HMIC found that there was a lack of understanding of the dynamics of domestic abuse, and that this had an impact on the effectiveness of the police response when dealing with victims. Revised APP on domestic abuse seeks to address this weakness by including more contextual information to improve understanding. Officers should be encouraged to become familiar with this information and it should provide a basis for training them to recognise domestic abuse, particularly controlling or coercive behaviour, in a range of contexts.

APP on domestic abuse emphasises the importance of evidence-led investigation and prosecution, building a strong case which does not rely exclusively on the victim’s support. It also underlines the critical nature of risk assessment and safety planning at an early stage.

The statistics provided to HMIC by forces clearly show that domestic abuse represents a significant proportion of overall crime: 8% of all recorded crime, one third of recorded assaults with injury, 49% of recorded harassment crimes. It is estimated that the police receive a related emergency call every 30 seconds. This strongly suggests that domestic abuse makes up a significant proportion of police work, sometimes resulting in the most serious offences, which should shape the way in which domestic abuse is handled by forces at all levels. This is reflected in the structure of the revised APP, which places much greater emphasis on the role of the response officer in dealing with domestic abuse.

Domestic abuse is not only high volume but also high risk. Getting the police response wrong can have severe consequences and result in a failure to protect victims from assault or even death. Office for National Statistics figures for 2013/2014 indicate that 46% of female homicide victims were killed by a partner or ex-partner, as were 7% of male homicide victims.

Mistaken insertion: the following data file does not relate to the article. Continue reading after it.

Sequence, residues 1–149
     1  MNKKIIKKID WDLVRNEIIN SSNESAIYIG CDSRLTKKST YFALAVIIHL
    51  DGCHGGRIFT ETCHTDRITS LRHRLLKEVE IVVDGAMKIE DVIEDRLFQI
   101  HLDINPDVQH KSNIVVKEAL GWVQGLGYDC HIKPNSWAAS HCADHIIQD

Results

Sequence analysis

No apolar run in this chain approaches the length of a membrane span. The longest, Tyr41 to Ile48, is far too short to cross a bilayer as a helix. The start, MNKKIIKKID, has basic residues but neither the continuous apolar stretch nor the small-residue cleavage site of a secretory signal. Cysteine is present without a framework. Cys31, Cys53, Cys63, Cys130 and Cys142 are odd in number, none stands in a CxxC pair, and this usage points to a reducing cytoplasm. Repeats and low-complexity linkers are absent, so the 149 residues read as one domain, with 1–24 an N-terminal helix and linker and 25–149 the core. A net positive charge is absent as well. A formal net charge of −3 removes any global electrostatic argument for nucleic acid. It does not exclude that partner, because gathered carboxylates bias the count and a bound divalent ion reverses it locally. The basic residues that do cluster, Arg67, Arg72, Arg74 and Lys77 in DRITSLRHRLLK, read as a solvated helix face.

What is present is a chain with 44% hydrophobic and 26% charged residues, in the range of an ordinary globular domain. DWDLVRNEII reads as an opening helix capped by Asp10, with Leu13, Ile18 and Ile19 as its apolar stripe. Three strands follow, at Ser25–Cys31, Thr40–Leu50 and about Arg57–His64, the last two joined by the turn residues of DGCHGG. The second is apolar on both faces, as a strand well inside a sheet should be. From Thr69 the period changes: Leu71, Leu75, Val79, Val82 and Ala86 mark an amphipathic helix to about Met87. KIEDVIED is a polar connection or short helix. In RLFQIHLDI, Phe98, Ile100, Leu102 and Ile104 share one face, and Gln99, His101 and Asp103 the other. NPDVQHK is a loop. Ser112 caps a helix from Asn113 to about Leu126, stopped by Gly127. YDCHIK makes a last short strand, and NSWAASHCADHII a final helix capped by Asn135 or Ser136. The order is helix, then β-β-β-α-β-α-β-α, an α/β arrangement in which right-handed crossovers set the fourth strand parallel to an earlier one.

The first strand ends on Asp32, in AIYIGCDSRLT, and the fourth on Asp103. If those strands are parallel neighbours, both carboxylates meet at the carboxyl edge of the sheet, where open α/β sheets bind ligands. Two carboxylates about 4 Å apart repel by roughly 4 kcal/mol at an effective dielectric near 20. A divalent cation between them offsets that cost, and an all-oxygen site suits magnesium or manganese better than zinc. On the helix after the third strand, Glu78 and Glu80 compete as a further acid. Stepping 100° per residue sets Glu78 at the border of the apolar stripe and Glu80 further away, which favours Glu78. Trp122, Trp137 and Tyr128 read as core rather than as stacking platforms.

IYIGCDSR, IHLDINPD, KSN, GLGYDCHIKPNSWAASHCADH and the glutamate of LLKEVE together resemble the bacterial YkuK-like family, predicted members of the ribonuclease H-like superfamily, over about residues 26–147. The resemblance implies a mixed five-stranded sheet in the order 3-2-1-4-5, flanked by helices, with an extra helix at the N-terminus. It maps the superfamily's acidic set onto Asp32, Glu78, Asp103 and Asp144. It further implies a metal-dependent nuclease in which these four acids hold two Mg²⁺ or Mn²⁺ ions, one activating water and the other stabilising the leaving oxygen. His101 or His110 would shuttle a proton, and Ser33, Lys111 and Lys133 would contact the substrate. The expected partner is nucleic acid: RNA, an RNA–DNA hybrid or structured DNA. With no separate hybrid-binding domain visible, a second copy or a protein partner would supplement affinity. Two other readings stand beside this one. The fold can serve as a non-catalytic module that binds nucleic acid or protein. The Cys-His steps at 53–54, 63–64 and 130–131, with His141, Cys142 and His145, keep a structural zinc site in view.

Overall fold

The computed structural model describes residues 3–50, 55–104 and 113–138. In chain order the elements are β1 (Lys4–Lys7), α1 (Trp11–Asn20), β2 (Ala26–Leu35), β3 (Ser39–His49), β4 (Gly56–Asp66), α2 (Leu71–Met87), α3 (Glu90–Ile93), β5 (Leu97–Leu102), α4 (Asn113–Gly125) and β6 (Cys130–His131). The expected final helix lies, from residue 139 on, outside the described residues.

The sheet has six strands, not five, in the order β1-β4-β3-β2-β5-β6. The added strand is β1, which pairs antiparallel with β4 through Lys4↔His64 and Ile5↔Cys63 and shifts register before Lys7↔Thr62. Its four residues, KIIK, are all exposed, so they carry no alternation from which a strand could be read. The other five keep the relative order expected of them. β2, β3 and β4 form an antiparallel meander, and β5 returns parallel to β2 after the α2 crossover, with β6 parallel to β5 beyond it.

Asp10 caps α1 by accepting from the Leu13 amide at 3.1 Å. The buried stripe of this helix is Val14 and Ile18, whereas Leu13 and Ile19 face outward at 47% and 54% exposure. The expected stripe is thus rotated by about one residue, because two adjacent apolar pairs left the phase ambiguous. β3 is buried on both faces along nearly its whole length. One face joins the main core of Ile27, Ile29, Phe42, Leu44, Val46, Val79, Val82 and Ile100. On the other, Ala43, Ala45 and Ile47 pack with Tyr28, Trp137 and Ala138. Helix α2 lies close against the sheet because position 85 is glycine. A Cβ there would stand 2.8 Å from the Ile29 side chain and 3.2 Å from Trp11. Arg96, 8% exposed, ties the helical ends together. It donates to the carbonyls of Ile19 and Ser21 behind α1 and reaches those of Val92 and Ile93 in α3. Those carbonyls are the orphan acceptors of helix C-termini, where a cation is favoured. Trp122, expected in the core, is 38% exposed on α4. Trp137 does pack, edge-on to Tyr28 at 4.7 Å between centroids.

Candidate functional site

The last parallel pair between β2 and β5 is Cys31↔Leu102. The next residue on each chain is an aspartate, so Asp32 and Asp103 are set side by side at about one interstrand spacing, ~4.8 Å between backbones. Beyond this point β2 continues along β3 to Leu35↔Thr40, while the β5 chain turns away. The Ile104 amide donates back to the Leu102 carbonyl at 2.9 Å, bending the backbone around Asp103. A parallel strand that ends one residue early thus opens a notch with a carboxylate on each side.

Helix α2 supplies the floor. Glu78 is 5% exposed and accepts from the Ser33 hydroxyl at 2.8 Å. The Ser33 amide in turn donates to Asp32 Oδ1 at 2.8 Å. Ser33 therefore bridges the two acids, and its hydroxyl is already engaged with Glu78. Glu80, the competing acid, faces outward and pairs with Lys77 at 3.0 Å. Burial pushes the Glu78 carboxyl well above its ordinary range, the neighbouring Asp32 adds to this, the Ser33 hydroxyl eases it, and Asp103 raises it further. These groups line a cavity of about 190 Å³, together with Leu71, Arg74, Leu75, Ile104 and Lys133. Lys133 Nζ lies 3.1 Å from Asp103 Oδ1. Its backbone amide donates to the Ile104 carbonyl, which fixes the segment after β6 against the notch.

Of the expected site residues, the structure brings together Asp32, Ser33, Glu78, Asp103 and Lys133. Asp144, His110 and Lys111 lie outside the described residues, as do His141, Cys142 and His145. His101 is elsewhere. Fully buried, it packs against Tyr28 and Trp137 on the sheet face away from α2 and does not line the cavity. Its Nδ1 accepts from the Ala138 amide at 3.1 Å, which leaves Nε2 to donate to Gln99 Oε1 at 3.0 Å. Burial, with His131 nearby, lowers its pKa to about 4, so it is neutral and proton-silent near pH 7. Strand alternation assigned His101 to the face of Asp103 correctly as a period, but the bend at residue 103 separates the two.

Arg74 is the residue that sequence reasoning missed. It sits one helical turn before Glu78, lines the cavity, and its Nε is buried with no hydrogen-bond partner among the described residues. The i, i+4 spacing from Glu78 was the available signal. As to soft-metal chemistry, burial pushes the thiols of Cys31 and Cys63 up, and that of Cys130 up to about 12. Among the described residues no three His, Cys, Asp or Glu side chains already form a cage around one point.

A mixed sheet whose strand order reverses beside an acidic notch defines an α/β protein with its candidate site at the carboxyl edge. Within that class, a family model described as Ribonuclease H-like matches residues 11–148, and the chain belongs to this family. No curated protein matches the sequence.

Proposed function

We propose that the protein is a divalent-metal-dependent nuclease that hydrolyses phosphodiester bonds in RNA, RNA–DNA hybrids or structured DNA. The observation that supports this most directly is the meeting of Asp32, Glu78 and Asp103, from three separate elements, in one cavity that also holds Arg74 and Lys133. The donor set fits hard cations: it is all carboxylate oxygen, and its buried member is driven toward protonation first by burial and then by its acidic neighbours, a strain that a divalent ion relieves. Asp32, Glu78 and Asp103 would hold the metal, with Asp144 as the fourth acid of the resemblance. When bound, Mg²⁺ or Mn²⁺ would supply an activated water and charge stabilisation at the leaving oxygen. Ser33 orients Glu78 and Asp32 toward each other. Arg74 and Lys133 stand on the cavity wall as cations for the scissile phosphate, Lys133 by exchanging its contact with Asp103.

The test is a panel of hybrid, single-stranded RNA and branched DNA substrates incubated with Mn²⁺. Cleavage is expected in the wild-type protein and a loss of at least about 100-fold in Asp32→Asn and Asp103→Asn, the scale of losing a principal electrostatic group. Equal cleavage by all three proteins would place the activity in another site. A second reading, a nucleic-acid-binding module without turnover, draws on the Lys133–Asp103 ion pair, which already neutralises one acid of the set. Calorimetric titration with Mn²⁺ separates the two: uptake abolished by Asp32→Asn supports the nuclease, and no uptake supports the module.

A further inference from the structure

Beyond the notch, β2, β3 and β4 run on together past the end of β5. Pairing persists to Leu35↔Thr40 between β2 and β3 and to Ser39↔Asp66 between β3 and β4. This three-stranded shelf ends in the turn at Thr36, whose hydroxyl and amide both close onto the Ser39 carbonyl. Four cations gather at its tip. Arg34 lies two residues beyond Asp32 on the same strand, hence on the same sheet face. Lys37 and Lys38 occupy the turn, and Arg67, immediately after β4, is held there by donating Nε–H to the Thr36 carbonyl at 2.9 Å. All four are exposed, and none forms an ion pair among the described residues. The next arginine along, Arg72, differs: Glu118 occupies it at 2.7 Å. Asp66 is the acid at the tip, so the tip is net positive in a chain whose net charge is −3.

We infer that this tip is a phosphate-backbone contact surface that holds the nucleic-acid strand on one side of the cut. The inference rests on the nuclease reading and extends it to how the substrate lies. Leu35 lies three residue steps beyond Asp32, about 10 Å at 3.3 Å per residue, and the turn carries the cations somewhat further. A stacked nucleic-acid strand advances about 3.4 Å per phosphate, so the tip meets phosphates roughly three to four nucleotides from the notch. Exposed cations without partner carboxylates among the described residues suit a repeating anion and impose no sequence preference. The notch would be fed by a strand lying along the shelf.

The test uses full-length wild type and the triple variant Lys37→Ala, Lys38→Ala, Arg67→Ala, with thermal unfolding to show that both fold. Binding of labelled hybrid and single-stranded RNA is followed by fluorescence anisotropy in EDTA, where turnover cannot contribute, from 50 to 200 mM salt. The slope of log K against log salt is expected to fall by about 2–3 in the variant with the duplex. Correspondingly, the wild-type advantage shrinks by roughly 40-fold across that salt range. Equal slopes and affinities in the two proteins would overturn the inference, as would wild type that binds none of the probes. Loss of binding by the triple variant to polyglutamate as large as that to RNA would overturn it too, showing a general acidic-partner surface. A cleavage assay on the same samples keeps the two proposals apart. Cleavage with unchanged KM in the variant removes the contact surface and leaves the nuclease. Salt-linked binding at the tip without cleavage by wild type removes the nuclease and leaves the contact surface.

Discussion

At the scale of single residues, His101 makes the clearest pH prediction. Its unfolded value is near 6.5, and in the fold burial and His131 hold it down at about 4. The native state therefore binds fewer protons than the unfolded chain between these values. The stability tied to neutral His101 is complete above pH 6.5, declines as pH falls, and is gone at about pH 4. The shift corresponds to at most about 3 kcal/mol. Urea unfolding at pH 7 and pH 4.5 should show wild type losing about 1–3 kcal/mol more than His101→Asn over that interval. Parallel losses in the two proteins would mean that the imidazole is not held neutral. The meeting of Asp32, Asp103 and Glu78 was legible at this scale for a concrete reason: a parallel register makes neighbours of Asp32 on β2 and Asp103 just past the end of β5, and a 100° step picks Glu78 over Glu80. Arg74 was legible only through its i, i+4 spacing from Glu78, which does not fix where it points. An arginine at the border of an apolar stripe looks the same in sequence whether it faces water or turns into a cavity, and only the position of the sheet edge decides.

Real and sustained improvement cannot be achieved without leadership at the highest level. Forces must equip officers and staff by providing adequate training as a priority. They should include domestic abuse in their performance management frameworks and measure individual performance against domestic abuse objectives. Good performance by individuals and teams should be recognised and rewarded. Senior management must make it their business as much as, if not more than, anyone else as they have overall responsibility for ensuring that their force delivers a high quality service to victims of domestic abuse. The overarching principle which must guide forces at all levels is that every domestic abuse victim must be safer after police contact.

The advice contained in this authorised professional practice is based largely on the professional expertise of police and voluntary sector practitioners. The section on risk assessment and risk factors draws on findings from systematic reviews of research evidence.

Terminological note

The term victim is used throughout the APP to reflect the terminology of Ministry of Justice (2015) Code of Practice for Victims of Crime. It is accepted that other terms are also used and preferred in certain sectors.

The term perpetrator is used throughout to refer to a person who commits domestic abuse. Suspect, defendant and offender are used where appropriate to reflect the different stages of the criminal justice process. The term abuser is used in places for ease of readability when referring to a person who abuses an individual victim.